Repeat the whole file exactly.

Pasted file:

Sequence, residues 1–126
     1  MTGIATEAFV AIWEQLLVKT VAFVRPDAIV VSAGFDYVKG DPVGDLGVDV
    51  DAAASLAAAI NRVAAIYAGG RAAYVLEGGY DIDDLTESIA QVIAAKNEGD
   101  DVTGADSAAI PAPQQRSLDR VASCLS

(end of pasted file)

Sequence, residues 1–126
     1  MTGIATEAFV AIWEQLLVKT VAFVRPDAIV VSAGFDYVKG DPVGDLGVDV
    51  DAAASLAAAI NRVAAIYAGG RAAYVLEGGY DIDDLTESIA QVIAAKNEGD
   101  DVTGADSAAI PAPQQRSLDR VASCLS